Fluffy, creamy, and indescribably cozy, my herb and Garlic Mashed Potatoes recipe is one that you’re sure to love. This easy recipe can be made in one pan or pot under 30 minutes, making it the perfect way to add a little starchy goodness to any weeknight meal.
About Garlic Mashed Potatoes
Potatoes are one of my favorite veggies – they’re starchy, filling, and oh so versatile. You can add them to rice, curries, sandwiches, or even raita. As much as I love the humble spud in all its many forms, I hold a special place in my heart for mashed potatoes.
Basic mashed potatoes are simply made with potatoes, milk, butter, salt and pepper. The potatoes are cooked till tender. The cooked potatoes are then strained and mashed with warm milk, butter, salt and pepper.
Once you know the basic formula for making what I affectionately call “mashies,” there are tons of ways for you to spice them up to your own liking. Here’s what I like to add to mine:
- Garlic – Garlic adds a lovely mildly nutty flavor to these mashed potatoes to take their flavor over the top. Feel free to swap in other alliums of your choice – chives are another excellent option, as are caramelized onions.
- Herbs – Personally I prefer to use fresh herbs, but you can certainly use dried if you don’t have any fresh on hand. The herbs can change depending on your mood and what you are serving with your mashed potatoes. Try anything from cilantro or parsley to tarragon or rosemary.
- Black pepper – When it comes to black pepper, freshly crushed is the name of the game; it just has so much more flavor than ground black pepper powder!
- Fat – You can use either or both butter and extra virgin olive oil (evoo). I have made mashed potatoes with both on various occasions and both work fine.
- Milk – For a rich, creamy version, I suggest using whole milk. For vegan mashed potatoes, coconut milk or almond milk works well. Please note that with coconut milk, you will get a slight coconut taste in the mashed potatoes.
I generally make enough quantity of mashed potatoes so that there are no leftovers. Yet, one can easily half or double or triple this recipe and make it for small parties or gatherings.
How To Make Mashed Potatoes
Making flavored mashed potatoes is quite easy. Here’s how it’s done:
1. Rinse 500 grams of potatoes in water using a colander. Brush off any mud if needed. Rinse well. Drain the water and then peel the potatoes.
2. Chop them in 1.5 to 2 inches cubes.
3. Place chopped potatoes in a pan (3 litres or 3 quarts size). Add ½ teaspoon salt.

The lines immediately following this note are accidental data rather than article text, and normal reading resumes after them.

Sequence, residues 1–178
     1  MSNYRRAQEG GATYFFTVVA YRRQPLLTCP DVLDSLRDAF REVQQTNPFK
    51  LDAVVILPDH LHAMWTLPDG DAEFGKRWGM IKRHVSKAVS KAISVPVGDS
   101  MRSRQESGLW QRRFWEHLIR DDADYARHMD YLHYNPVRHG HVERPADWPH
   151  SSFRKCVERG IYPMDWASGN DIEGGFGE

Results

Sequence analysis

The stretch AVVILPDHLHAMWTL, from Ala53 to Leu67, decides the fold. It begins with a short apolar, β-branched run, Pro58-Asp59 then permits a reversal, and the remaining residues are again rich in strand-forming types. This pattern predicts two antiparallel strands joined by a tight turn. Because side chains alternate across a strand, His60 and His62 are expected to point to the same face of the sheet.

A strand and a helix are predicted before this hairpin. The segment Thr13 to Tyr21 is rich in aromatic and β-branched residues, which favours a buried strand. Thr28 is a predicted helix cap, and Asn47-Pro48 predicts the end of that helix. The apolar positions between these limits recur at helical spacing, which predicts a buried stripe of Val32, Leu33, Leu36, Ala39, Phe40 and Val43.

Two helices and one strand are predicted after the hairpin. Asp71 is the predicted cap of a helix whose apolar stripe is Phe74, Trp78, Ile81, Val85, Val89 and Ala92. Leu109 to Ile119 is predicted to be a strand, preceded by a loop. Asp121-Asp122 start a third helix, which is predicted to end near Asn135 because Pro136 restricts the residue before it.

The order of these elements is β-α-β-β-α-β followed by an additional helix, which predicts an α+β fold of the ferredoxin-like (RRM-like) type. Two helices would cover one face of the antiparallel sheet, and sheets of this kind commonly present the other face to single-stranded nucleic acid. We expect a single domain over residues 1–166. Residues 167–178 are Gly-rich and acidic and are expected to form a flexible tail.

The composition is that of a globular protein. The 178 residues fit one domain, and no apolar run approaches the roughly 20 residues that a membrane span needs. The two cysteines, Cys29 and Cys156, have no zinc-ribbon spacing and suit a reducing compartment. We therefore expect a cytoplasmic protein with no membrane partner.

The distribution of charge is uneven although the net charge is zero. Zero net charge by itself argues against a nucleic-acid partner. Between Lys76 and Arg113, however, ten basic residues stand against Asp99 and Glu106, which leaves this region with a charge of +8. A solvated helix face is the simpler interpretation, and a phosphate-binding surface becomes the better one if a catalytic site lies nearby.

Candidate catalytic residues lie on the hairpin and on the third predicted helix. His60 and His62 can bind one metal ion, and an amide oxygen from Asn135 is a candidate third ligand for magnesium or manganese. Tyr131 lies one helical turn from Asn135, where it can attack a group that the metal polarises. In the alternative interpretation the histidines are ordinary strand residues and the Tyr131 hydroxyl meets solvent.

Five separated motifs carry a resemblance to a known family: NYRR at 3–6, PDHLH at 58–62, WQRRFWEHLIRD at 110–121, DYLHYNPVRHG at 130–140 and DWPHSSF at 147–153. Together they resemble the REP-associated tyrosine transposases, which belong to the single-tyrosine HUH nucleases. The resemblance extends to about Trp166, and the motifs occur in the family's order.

4. Pour in 2 cups of water and stir to combine. The water should just about cover the potatoes. Add water more or less depending on the size of the pan.
5. Cover the pan. Keep the pan on a stovetop on a medium-low to medium heat for the potatoes to cook.
6. While the potatoes are cooking, check at intervals to ensure they don’t overcook. Meanwhile, you can chop garlic and fresh herbs, if using.
7. The potatoes have to be softened, but they should not fall apart.
The potatoes will take about 20 to 25 minutes to cook depending on the size of the pan, the thickness of pan and the intensity of the heat.
8. Check by piercing a knife or a fork; it should smoothly pass through the cooked potatoes without any resistance.
9. Pour the contents of the pan in a colander and drain the water very well.
Cook Milk and Butter
10. In the same pan in which the potatoes were cooked (no need to clean it first), add ½ cup + 2 tablespoons milk.
12. Add 2 tablespoons butter.
13. Add ½ teaspoon finely chopped or minced garlic. Please note that you can also add garlic to the boiling potatoes instead.
14. Heat on low or medium-low, stirring occasionally. The butter will begin to melt.
15. Let the milk+butter+garlic mixture become hot or come to a gentle boil.
16. Now turn off the heat and add the potatoes to the pan with the milk, butter and garlic.
Make Garlic Mashed Potatoes
17. Remove the pan from the stovetop and place it on your kitchen countertop.
Begin to mash the potatoes with a potato masher, vegetable masher, or use a potato ricer if you have it instead of the masher.
Preferably the masher should have ricer like holes in it as this mimics the ricer while mashing.
18. Mash till you get a smooth, fluffy and light consistency. Do not mash too much as this will break down the starches more and make for a gummy texture.
You can always add more butter and some warm milk to get your desired consistency.